We spend time and money planning for many big events in life: college tuition, weddings, retirement, travel — the list could go on, but one big expense that many people overlook is the possibility of needing long-term care. These costs can really add up, so it’s important to start planning as early as possible to avoid being caught off guard later on.
What Kind of Care Will You Need?
Whether you’re planning for yourself or a loved one, there are a few risk factors to consider, starting with your family. Do you have a family history of illnesses or conditions that would require assistance or medical care? According to Forbes, having a family history of dementia and other neurological problems increases the odds that you will need long-term care.
Besides these genetic factors, it’s also important to look at your lifestyle and changes you could make to reduce the risk of injury or illness. In some instances, applying a more holistic approach can make a huge improvement and lessen your risk of problems down the road.
- Diet – Are you eating a healthy, balanced diet? What you eat can affect your chances of developing heart disease and other chronic illnesses. Make sure to eat a variety of fruits and vegetables, lean proteins and whole grains. Avoid too much dairy as well as processed foods, and be sure to drink plenty of water. Remember, you are what you eat!
- Exercise – Are you keeping your heart and lungs healthy with exercise? Exercise can also strengthen your bones and increase flexibility, reducing your risk of injury. Low-impact exercise can help you make serious strides in your health. Look to activities like walking, yoga and hiking.
- Meditation – Stress can be a huge contributor to poor health. By finding ways to cope with and curb stress, you can make serious inroads in your physical and mental health. If meditation is new to you, look to guided apps to help you get started.
- Unhealthy habits – Unhealthy habits like smoking and excessive drinking can lead to serious illnesses. Make a point to look into smoking cessation, and limit your alcohol intake. As mentioned above, it’s also a good idea to cut out processed foods. By cutting back on sodas, fast food and convenience meals you’re adding to your longevity.
Along with assessing your risk of needing long-term care, planning ahead also means learning about your options. Start by researching the options for care where you live and getting an understanding of the different levels of care. Think about what type of care you would prefer. Do you want to stay in your home as long as possible? If so, think about whether you need to make any modifications to age at home safely, and factor those costs into your planning.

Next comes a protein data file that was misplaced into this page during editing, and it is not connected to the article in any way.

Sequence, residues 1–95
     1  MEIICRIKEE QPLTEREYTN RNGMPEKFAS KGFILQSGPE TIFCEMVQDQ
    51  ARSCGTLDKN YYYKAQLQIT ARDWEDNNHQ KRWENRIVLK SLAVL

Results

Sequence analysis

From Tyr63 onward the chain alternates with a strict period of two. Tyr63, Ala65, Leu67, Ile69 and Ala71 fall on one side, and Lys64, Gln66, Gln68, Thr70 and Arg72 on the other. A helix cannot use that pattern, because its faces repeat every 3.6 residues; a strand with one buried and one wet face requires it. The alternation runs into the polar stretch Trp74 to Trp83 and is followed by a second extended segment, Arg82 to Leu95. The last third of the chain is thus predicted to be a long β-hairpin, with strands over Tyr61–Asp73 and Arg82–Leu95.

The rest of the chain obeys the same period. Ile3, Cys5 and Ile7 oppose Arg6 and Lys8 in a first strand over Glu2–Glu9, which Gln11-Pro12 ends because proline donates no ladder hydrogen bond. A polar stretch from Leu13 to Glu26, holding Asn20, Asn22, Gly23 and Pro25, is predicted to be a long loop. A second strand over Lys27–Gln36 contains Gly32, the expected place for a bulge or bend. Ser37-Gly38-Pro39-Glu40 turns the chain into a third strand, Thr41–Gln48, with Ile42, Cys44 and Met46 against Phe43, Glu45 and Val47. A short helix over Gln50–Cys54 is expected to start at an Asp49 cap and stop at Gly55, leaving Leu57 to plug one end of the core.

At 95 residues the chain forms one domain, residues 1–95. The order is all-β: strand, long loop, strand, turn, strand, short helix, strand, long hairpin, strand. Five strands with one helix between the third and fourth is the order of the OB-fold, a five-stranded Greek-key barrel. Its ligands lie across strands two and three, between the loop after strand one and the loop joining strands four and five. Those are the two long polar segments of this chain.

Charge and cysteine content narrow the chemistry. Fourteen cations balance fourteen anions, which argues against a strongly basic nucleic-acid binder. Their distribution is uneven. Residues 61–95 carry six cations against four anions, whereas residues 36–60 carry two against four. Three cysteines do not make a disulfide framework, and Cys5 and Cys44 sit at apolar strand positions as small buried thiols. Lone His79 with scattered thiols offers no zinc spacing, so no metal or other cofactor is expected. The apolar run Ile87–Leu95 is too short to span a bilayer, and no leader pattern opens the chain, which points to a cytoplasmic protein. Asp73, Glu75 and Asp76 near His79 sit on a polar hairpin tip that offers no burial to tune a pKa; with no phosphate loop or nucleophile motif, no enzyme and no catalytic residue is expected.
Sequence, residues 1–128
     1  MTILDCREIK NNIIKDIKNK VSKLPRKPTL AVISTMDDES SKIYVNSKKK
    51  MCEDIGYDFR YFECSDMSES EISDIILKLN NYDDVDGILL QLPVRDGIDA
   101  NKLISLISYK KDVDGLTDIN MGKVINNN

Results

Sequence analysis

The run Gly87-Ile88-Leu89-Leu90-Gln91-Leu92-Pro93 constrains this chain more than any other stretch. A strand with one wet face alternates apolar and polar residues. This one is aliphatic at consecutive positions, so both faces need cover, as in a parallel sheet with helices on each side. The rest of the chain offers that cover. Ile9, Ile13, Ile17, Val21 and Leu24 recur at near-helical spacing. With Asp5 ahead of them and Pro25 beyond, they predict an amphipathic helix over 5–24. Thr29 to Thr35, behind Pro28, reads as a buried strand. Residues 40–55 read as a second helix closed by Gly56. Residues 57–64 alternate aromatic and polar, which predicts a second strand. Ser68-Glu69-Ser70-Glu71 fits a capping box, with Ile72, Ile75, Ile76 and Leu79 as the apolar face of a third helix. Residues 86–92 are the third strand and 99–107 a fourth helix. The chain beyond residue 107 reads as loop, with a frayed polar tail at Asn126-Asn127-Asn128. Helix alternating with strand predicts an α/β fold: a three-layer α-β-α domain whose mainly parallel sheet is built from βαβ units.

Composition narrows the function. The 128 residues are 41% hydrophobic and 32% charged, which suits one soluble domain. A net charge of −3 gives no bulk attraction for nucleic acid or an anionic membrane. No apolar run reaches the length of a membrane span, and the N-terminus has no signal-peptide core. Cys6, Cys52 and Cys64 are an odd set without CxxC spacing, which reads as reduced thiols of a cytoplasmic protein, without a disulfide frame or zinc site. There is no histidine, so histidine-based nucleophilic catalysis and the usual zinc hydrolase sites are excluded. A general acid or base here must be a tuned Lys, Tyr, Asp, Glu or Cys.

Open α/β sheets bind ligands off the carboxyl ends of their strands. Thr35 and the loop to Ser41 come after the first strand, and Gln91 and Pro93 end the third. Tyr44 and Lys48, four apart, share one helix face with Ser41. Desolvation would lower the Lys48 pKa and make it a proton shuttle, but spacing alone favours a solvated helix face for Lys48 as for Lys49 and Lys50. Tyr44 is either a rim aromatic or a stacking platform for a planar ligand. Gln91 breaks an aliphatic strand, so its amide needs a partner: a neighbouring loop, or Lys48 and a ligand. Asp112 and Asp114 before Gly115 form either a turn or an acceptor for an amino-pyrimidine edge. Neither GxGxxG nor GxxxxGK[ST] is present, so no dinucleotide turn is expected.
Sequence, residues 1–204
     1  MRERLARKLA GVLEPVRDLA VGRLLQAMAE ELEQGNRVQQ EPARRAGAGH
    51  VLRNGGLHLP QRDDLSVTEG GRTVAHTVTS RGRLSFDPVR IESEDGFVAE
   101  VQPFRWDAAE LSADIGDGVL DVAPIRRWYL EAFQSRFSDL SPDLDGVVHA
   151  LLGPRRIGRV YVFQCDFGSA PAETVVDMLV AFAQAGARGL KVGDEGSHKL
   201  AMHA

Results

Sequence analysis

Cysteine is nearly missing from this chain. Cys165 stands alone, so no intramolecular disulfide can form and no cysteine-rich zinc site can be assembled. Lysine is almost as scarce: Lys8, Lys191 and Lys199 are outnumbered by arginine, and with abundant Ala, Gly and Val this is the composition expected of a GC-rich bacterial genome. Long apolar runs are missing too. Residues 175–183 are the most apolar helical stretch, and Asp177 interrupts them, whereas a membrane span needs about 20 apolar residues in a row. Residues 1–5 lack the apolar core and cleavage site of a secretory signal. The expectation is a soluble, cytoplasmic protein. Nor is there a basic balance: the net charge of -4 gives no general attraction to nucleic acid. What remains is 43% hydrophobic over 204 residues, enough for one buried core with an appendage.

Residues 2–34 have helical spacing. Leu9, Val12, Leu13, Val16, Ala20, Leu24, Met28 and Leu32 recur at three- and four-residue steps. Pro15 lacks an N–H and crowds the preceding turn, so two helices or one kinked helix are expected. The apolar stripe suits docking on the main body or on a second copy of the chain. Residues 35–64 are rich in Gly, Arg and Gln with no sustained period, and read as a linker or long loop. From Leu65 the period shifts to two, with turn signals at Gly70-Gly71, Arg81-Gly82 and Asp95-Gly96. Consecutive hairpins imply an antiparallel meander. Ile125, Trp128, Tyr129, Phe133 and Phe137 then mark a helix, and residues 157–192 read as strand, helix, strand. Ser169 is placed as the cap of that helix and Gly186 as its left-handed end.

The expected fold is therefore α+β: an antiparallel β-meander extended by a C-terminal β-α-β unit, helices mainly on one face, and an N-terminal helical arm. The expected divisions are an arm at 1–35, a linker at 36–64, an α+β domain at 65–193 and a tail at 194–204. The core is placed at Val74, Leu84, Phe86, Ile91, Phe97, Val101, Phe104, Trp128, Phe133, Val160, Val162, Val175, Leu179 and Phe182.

How Will You Pay for Care?
Many people who don’t plan ahead pay for long-term care largely out of pocket. With the high costs of care, paying out of pocket means you run the risk of depleting your savings. Kiplinger explains how one option to maximize savings is to use a health savings account (HSA) for long-term care costs. It’s important to keep in mind that the amount you can draw tax-free varies depending on your age, so this is less beneficial if you need care at a younger age.
Another option is to use insurance to cover costs. If you are a caregiver for your parents, it’s natural to be concerned about the costs of their long-term care needs and end-of-life care. It isn’t uncommon for surviving loved ones to be left with bills, whether it’s medical bills, hospice care, or funeral costs. If you’re worried about being able to cover those costs, you may want to purchase a life insurance policy for your parents to have peace of mind that you’ll be covered.
If you’re planning for your own expenses, the traditional option is to purchase long-term care insurance. Long-term care insurance isn’t for everyone, but it can be a good way to protect your savings if that is a concern. These policies are more affordable when you’re younger and healthier, so the earlier you buy a policy, the better off you will be.
Long-term care is one of the greatest expenses many people encounter. Your lifestyle and family history can impact your risk, but there’s no way to know for sure what to expect. With so much on the line, the best strategy is to change your lifestyle and plan ahead so you’re ready for any possibility.
By: Karen Weeks of ElderWellness.net
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